Searching for dark matter axions to explain the formation of the universe
IBS Center for Axion and Precision Physics Research
Office C301, Creation Hall (3F), KAIST Munji Campus, 193 Munji-ro, Yuseong-gu, Daejeon 34051, South Korea
Director Yannis SEMERTZIDIS
Yannis Semertzidis is a Professor of the Physics department of KAIST and the director of the IBS Center for Axion and Precision Physics Research, established in October 2013.
He received his Ph.D. from University of Rochester, NY/USA in 1989 doing a number of precision physics experiments at Brookhaven National Lab related to axions. He subsequently joined the BNL Physics dept. working on muon physics and initiated a new method for measuring hadronic electric dipole moments (EDM) in storage rings. He rose to the ranks of senior scientist with tenure at BNL, he is a Fellow of the American Physical Society and has received awards and distinctions.
Permeating all space, axions could hold the secret to dark matter
The IBS Center for Axion and Precision Physics Research (CAPP) is located in Daejeon City at the Korea Advanced Institute of Science and Technology (KAIST). Our center has launched several state of the art axion dark matter experiments with the best sensitivity in the world for our frequency of interest. CAPP also plays a leading role in the proton electric dipole moment experimental international effort and participates in the muon g-2 experiments at Fermilab in the USA and at J-PARC in Japan.
The latest measurements indicate that dark matter constitutes about 25% of the energy in the universe. Among the leading dark matter candidates are particles such as axions, and weakly interacting massive particles (WIMPs), e.g., the lightest supersymmetric particle. (WIMP searches are the subject of several groups around the world including the IBS Center for Underground Physics in Korea.) Axions were postulated to solve a large problem in strong interactions: even though the theory of strong interactions predicts a large violation of certain symmetries, those of P-parity and T-time reversal, the limit on the electric dipole moment (EDM) of the neutron is already too small, some ten orders of magnitude smaller than expected.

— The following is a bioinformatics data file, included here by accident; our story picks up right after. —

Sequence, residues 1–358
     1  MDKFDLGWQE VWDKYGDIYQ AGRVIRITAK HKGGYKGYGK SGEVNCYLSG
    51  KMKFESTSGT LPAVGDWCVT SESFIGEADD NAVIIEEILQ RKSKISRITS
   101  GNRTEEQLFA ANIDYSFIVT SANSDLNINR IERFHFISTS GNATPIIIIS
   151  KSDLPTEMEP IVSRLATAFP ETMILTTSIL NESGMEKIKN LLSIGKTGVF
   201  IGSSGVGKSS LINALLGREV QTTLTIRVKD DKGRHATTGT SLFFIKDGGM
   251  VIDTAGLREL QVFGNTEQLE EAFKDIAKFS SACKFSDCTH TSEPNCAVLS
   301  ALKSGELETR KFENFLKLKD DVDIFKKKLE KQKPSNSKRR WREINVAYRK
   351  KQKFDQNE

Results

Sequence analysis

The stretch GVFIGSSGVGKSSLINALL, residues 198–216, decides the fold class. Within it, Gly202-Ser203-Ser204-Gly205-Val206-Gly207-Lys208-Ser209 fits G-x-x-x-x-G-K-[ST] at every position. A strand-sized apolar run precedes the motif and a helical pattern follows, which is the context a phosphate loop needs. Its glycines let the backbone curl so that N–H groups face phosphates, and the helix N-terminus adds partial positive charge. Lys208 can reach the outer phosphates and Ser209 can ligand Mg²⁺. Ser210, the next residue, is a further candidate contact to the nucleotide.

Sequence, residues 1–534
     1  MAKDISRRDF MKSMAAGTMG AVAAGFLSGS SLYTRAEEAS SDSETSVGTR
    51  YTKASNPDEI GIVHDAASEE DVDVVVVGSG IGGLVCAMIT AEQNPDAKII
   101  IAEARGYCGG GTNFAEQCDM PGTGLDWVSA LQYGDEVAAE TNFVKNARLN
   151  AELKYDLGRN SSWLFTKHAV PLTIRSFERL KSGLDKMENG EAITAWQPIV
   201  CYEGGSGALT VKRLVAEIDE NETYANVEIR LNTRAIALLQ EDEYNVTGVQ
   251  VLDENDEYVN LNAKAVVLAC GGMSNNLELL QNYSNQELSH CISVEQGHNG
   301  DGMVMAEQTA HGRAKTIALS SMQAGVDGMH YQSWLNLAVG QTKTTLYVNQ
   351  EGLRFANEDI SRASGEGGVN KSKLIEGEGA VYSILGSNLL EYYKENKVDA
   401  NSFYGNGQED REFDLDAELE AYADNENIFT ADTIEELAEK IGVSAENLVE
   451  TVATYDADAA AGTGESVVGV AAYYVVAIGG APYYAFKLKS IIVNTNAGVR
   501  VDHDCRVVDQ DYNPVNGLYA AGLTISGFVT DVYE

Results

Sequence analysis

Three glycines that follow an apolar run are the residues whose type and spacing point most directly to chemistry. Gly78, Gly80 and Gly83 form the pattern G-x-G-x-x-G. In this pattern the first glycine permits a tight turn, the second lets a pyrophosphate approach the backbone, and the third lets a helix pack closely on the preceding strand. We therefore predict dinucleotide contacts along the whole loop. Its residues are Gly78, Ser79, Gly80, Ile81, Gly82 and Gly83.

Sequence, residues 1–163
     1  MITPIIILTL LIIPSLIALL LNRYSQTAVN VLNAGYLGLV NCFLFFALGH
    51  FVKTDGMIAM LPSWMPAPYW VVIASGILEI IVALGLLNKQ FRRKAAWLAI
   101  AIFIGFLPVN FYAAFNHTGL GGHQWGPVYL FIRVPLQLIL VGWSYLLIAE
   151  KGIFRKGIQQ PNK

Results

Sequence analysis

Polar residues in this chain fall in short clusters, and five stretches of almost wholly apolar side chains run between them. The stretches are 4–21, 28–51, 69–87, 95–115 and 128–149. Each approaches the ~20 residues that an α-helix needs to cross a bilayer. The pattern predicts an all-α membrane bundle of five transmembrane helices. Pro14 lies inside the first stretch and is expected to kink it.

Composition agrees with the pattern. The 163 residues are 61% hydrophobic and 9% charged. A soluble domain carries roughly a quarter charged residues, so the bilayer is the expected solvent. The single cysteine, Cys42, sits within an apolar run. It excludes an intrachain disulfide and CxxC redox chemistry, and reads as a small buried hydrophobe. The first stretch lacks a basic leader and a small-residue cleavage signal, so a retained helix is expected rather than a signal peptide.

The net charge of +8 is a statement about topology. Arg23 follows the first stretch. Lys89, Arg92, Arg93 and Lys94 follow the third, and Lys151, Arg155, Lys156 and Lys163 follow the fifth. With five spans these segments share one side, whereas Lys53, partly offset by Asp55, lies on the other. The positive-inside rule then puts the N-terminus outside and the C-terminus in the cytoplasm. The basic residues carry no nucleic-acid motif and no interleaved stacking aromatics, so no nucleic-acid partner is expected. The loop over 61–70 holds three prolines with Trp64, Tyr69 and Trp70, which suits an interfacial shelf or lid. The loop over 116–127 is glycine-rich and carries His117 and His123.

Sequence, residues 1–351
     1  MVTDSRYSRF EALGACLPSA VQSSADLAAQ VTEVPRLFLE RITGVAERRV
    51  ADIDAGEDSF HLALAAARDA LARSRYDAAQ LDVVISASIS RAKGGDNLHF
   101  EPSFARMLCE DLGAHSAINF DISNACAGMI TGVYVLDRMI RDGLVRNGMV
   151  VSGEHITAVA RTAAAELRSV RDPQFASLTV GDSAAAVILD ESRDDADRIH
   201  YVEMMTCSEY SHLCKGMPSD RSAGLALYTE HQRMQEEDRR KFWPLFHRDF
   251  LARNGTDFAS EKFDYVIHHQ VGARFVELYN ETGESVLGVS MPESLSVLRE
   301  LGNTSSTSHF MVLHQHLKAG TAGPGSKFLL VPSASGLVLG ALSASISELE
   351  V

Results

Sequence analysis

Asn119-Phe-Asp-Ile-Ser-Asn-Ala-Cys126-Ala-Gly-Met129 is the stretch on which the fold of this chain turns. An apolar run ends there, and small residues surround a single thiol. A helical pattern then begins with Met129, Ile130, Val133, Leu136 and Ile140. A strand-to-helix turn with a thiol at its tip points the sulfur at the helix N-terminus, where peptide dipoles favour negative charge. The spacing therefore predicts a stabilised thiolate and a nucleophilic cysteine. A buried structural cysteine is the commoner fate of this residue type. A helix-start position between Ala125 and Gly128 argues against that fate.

A massive axion is excluded by several experiments and astrophysical limits. A prominent Korean theorist prof. Jihn E. Kim suggested that a light-mass axion would also work as well. The light axions have the advantage that they could constitute the dark matter of our universe. It is currently believed that axion masses roughly between 0.001 meV and 1meV could be ideal dark matter candidates. Depending on their mass, there could be about 1014axions/cm3, to fill the dark matter density quota of about 0.5GeV/cm3.
We are currently using a method suggested by Prof. P. Sikivie, to convert the axions into microwave photons inside a large volume, high magnetic field, and a high-quality microwave cavity. We are also exploring different geometries that can prove to be even more advantageous. The expected conversion rate is very small, of order 10-23W, making it the faintest signal possible in a realistic experiment.
Once the axions are discovered, a new physics field, axion astrophysics, may be launched, opening new horizons in our knowledge of the universe and the dynamics of our galaxy.
In addition, the center is playing a leading role in the storage ring proton EDM experiment to improve the sensitivity by several orders of magnitude down to 10-29ecm, making it the best hadronic EDM experiment in the world. A successful proton EDM experiment could help explain the matter-antimatter asymmetry mystery of our universe. In the muon g-2 experiment, testing the standard model to high accuracy, we are developing the RF-system used for the elimination of the coherent betatron oscillations and muon losses, both leading systematic error sources in the experiment.
|Korean/ International||39(Korean), 8(International)|
As of January. 2020